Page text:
Did Harry Styles accidentally put a Nazi symbol on his merchandise?

The initials HH were on the back of hats being sold in honor of Harry Styles' new album Harry's House, but the initials are also a Nazi symbol for "heil Hitler."

 Harry Styles performs on NBC's "Today" morning television show in New York City on May 19, 2022. (photo credit: ANGELA WEISS/AFP VIA GETTY IMAGES)
Harry Styles performs on NBC's "Today" morning television show in New York City on May 19, 2022.
(photo credit: ANGELA WEISS/AFP VIA GETTY IMAGES)

Hats sold as part of official Harry Styles merchandise caused much protest earlier in August after they were accidentally put on sale with HH (a shortened version of "heil Hitler" that was used in World War II) embroidered on the back of them.

The initials in this case were clearly an abbreviation of Styles' new album Harry's House, and their inclusion on the hats were not meant to be antisemitic, but the symbol was disturbing to many people who know of its Nazi-related meaning.

The hat got a new design

A few days after the release of the hat, the design was changed in response to complaints from Styles' fans so that Harry's House was fully spelled out instead of appearing in the initials that many found upsetting. At the time of this article's publication, the hat could not be found at all on the official Harry Styles website while other designs were available to purchase.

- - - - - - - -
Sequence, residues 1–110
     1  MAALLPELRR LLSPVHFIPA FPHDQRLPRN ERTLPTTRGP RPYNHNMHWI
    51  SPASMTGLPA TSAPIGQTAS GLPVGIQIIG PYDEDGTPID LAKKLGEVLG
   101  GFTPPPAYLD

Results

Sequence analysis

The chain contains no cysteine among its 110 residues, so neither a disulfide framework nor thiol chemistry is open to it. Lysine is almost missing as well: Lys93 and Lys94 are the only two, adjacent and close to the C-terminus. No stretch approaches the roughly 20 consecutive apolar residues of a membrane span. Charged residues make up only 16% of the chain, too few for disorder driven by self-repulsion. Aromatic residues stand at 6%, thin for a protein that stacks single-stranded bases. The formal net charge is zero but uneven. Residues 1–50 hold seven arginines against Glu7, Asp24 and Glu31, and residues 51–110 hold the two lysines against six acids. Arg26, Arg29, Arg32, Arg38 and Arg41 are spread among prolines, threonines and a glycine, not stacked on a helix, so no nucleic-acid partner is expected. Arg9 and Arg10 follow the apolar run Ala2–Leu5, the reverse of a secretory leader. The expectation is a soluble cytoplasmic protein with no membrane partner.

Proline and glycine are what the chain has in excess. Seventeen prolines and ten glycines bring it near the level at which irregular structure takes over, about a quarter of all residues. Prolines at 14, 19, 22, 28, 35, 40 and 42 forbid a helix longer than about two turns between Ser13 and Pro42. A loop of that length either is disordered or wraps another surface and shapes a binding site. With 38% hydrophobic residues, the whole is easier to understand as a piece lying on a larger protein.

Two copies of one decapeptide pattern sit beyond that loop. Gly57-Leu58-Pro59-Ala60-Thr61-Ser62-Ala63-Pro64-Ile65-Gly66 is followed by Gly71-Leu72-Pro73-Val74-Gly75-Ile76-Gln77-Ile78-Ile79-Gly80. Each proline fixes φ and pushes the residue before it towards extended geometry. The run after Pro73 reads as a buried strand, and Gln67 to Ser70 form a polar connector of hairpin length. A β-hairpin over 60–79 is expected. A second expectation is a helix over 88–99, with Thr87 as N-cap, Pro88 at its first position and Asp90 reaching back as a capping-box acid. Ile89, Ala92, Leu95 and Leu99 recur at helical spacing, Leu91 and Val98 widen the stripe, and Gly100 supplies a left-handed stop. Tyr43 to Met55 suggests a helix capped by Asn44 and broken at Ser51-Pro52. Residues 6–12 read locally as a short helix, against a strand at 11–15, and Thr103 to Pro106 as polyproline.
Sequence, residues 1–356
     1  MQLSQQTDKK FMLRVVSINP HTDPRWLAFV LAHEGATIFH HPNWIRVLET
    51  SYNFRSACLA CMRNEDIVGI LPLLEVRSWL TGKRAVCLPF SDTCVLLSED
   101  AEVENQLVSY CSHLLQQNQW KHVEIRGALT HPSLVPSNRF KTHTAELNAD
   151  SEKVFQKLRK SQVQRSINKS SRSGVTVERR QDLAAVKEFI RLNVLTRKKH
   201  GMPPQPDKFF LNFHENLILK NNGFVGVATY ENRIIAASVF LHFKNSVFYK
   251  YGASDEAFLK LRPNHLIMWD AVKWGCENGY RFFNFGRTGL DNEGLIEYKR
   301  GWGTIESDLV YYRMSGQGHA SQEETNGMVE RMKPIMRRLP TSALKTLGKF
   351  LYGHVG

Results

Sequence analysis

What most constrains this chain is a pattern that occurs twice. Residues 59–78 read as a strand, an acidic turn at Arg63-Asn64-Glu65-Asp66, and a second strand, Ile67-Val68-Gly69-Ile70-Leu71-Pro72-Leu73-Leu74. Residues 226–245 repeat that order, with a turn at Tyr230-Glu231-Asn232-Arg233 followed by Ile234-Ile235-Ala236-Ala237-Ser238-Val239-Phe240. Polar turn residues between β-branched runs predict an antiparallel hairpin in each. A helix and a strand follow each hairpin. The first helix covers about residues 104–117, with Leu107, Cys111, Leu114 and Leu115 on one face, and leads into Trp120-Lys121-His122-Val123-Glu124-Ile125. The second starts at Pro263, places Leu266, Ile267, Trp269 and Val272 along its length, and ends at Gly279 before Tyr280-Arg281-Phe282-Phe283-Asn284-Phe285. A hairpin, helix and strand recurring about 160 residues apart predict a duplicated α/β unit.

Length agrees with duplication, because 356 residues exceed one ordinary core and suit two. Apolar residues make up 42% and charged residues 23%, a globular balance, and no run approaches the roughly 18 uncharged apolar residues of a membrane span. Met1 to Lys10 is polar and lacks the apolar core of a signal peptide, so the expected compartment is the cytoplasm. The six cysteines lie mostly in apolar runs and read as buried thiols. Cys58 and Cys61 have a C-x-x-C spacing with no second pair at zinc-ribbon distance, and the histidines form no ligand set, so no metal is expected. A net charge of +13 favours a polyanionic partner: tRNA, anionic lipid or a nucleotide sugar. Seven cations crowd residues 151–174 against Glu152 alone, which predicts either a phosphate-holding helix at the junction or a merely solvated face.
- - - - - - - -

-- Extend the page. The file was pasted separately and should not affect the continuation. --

Harry Styles (credit: Reuters)Harry Styles (credit: Reuters)

Neither Styles nor any individual from the merchandise team responded to the mistake aside from changing the design.

HH was used in WWII to mean "heil Hitler," and variations of it are still used today among white supremacists around the world. The most common variation is the numerical code 88 since H is the eighth letter of the alphabet.

Styles is not Jewish, however he seems to have a connection to Judaism as he often sends celebratory messages for Jewish holidays, and he has been photographed wearing a cross necklace with a Star of David on it. The error in design did not stem from antisemitism but from a lack of awareness as to the symbol's meaning.